How to Plan Finances with Your Spouse

By Guru Hellen 2 years ago. Tagged under Marital coaching, Wisdom, Planning, Spouse needs, Financial coaching, Planning and strategies.

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Do you ever wonder why you plan adventure or trips but they don’t materialize?

Do you hold off large projects because you are afraid they will never ever see the light of day?

Do you always end up in arguments when planning with your spouse?

This post will guide you on how to wisely plan your finances and projects with your spouse.

“If you fail to plan, you are planning to fail” Winston Churchill

Often times I have encountered spouses who abdicate their responsibilities when it comes to financial planning. They are quick to say “that is my husband’s/wife’s job” or “ I have no job and therefore my job is to do the other chores.” or “Wait till my ‘Boss’ comes home and I will ask him/her.” More so, I have encountered spouses who openly decline financial responsibility in front of the spouse and friends. I find that quite unnerving. It gets me wondering what would happen if the ‘alpha’ (As it may be indicated) spouse becomes incapacitated or (God Forbid) dies.

This keeps me asking how many other facets of their relationship are wanting in teamwork. I wonder how they do their shopping, how they plan their families, how they invest in business, how the support their extended families(if any), and even how they support each other in times of challenges such as depression, illness, bereavement, joblessness, addictions and mundane things such as hygiene.

Financial planning is very crucial to every individual or couples alike. Going through life without Financial planning is like sailing the high seas without a compass: Every wave and every wind should take you there. This is a thrilling but also risky approach. The following is a more functional approach:

  • Develop a long term financial vision together. It is prudent for both spouses to air their individual and shared visions at this stage. This reduces the feeling of individualism/selfishness. Discuss these visions in detail and ask all relevant questions as to why, how and when this can be done. Harmonise your visions and decide on which vision serves you together best and embark on it.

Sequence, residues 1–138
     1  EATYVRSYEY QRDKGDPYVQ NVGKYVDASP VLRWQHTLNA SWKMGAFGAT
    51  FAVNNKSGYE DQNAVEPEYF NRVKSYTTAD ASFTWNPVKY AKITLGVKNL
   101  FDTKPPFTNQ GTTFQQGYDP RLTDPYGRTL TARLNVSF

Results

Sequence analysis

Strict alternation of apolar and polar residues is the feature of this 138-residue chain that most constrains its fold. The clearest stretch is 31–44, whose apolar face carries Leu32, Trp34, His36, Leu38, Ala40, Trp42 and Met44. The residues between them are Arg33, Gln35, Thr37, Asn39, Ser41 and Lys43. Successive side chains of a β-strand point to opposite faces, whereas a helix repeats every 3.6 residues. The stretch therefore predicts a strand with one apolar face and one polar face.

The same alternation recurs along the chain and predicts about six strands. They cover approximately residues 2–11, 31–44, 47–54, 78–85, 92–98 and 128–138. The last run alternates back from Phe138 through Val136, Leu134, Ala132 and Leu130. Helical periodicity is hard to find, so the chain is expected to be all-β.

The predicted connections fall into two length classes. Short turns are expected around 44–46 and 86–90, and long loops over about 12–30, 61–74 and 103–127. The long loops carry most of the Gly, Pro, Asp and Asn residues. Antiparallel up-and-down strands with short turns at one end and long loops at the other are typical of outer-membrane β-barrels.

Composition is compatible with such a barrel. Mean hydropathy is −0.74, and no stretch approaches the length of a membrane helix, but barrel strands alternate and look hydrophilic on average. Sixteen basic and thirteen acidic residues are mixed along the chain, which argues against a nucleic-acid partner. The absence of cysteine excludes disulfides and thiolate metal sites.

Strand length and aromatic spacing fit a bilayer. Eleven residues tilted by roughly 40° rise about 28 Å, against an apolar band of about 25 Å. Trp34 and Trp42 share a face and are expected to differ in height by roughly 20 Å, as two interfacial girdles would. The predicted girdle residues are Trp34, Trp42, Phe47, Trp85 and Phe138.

• Break down the financial vision into smaller, short term goals that can be achieved in shorter timelines, say, six months, or a year.
  • Simplify the short term goals by setting monthly, weekly or even daily activities geared towards the greater vision. Share the tasks with your spouse while putting in mind their strong points; remember every couple is a complete team, each with different strong skill sets. Two heads are always better than one(when working together). Do not forget to hold each other accountable and to motivate each other in this course.
  • When each spouse is given a task to do: Get on with it!! Do your homework, seek knowledge whenever possible. Work on it like your life depends on it. Outsmart yourself, impress yourself. Why? Because your LIFE DOES DEPEND ON IT. Keep each other updated as often as possible on the challenges faced and progress made.
  • Action plan, a timetable should be made in written/soft copy form. This helps you to keep track of your progress towards the main goal. This action, should be detailed with all the activities, persons responsible and timelines. The review column should be there for reassessment of the activities. One of the simplest action plans that needs to be used daily, or as often as you go shopping, is a BUDGET. Avoid purchasing unplanned for items unless they are on crazy sale, or ‘once in a lifetime buy’. If you just ‘want it’ you probably should not buy it.
  • Review the action plan and the objectives to see if you are in tandem or there may be deviations necessary. Sometimes family emergencies may take you off the track, and this is absolutely normal. Some activities may be delayed, postponed or even suspended for some major urgent needs, such as ill health of a spouse, a partner or a family member. This does not mean ‘cancel’ or ‘scratch’ the vision.
  • Consult a Financial Expert together when needed. I cannot overemphasise the importance of having a professional Financial Advisor, unless one of you is that person. They help you put your vision in the global setting, considering the economic and socio-political elements. They help you make heads-or-tails of the investment world, taxation systems, savings and incorporation ideas that may be of help to you as a couple.
  • Keep the communication channels open. There should be no ideal or set time to discuss planning issues, although I personally prefer when I can be focused. My husband and I have done planning while cooking or before we sleep, or even when on a trip. I just have a handy book in my bag, in which I quickly draft the idea and transfer it to our master planner as soon as we get home. He does the same too,(he has a better memory than me on such factors). Women tend to be overwhelmed with so many activities that we easily put off or forget to put it in writing.

These are just some simple steps that may take couples to the next step of a more fulfilling relationship. For more information please visit my website at www.guruhellen.com. Remember to subscribe and please let me know what you think about this topic.

To a more financially enlightened marriage.

GuruHellen.

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